Having made such good time across Tower Ridge we discussed the possibility of a descent via Ledge Route. I think that I might have had it in my legs to do this but I didn’t want to push things so we began our descent by the red burn instead. Near its base we passed an impressive waterfall where we took a good drink. I refilled my bottle completely after drinking and carried the litre of Nevis water back in my checked luggage the following day. I now have a some in my crystal jug next to my whiskey and the rest in my fridge. What a treat to enjoy mountain water with my drink instead of the awful stuff that comes out of the tap in London.
Brief sunshine on the descent
Tastes better than Thames water in your Talisker
My impression of the mountain on descent was so different from the climb. I was surprised how expansive the summit plateau and while our route down was convenient it was far less interesting. Almost like a different mountain when compared with anything on the north side. For the three peak challengers, the ascent of the Ben must be a fairly dull trudge.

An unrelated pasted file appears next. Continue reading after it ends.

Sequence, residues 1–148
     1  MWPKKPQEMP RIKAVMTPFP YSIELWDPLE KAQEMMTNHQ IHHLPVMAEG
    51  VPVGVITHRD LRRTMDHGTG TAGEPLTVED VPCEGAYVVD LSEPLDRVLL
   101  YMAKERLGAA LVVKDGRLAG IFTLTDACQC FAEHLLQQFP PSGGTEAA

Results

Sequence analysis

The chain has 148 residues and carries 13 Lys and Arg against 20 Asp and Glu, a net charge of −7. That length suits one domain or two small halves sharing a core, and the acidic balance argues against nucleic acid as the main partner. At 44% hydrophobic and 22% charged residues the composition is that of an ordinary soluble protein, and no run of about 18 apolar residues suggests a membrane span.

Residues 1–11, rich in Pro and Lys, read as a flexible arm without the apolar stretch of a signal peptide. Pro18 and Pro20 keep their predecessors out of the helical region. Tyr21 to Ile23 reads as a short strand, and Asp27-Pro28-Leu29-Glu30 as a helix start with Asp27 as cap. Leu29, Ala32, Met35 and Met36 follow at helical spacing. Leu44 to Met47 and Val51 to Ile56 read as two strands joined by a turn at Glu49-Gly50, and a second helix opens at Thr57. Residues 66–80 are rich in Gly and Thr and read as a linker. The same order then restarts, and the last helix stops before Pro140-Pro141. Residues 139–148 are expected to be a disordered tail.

With two great mountaineering routes under my belt in the space of a month I am now very keen to sample the alpine environment. A year ago I was completely focused on the munros and was in a desperate hurry to work through them as quickly as possible. Today I feel quite different. Climbing all the munros remains my objective but I’m no longer in such a rush. It may take decades and perhaps all the better for me if it does. In the meantime I really want to focus on the quality of my mountain days as much as the quantity of summits ticked and as I spend more time on a rope, it whets my appetite for similarly testing routes - whether that’s on the rocks of Snowdonia, up in Scotland or maybe further afield.